EL PASO, Texas (KSTU) -- Nearly two weeks after the El Paso massacre, Antonio Basco pushed a Walmart cart full of red and pink roses, gallons of water and a wooden cross to a memorial honoring his wife and the 21 others who were killed.
“I can't stay away from here,” Basco, 61, told CNN. “All I know is that my wife never hurt someone.”
Basco and his wife, Margie Reckard, 63, met 22 years ago and quickly became inseparable. She became the love of his life and his only living relative, he said. Hundreds are expected to attend Reckard's visitation on Friday evening at the La Paz Faith–Perches Funeral Home in central El Paso because the funeral home said Basco would welcome “anyone to attend his wife's services.”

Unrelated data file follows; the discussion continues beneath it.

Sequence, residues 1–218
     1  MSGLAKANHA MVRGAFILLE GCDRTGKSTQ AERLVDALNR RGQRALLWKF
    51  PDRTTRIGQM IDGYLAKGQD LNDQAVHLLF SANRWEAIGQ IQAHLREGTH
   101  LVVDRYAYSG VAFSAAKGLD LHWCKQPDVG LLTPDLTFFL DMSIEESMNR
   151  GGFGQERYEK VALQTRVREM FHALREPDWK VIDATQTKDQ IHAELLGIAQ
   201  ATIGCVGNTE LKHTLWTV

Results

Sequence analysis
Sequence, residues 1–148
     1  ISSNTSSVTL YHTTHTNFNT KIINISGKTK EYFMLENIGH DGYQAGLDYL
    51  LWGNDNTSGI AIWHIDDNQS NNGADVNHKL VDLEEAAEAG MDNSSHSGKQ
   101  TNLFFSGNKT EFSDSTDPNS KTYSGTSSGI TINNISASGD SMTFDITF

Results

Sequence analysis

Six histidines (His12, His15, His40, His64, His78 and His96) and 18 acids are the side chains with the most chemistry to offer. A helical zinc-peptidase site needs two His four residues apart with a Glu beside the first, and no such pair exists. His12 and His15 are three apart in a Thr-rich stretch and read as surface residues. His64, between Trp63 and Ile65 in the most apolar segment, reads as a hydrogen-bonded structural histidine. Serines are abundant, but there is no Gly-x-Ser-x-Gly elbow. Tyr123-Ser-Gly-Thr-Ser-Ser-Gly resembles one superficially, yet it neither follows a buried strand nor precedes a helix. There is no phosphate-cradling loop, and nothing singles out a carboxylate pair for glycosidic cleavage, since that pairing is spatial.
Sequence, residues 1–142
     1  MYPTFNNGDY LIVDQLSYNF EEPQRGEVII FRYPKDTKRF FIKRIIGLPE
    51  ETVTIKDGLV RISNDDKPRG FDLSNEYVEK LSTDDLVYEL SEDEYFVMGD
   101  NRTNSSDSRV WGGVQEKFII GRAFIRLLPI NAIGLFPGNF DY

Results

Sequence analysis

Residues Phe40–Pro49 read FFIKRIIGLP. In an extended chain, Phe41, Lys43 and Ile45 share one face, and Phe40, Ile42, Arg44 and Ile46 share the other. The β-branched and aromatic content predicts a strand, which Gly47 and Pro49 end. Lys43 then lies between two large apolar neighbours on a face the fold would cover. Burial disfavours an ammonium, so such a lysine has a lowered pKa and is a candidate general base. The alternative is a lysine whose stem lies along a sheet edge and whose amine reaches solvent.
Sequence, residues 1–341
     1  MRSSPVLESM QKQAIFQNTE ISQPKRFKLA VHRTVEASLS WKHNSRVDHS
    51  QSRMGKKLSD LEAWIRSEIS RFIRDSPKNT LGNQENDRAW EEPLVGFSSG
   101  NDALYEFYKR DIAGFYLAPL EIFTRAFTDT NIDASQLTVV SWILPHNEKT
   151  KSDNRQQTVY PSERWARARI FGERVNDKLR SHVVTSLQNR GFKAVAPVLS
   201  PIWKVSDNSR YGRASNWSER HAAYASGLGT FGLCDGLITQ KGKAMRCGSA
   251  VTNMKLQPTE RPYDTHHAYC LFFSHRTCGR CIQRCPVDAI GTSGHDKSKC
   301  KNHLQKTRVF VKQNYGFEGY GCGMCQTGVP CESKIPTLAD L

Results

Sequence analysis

In the days after the massacre, Basco has visited the makeshift memorial behind the Walmart store daily. He would come and go at all hours of the day and has slept there at least one night.
He kneels in front of a white cross bearing his wife's name that is surrounded by candles and dozens of flowers. He prays for her and even talks to her.
Tony Dickey, a chaplain for Disaster and Victim Services International, said crowds of strangers have approached Basco with words of support, or simply to offer a hug.
“He was basically just mumbling to himself that he had no one anymore, that she was everything he had. He didn't know what he was going to do,” Dickey said about the day he met Basco. “He kept repeating that he was going to be so alone now.”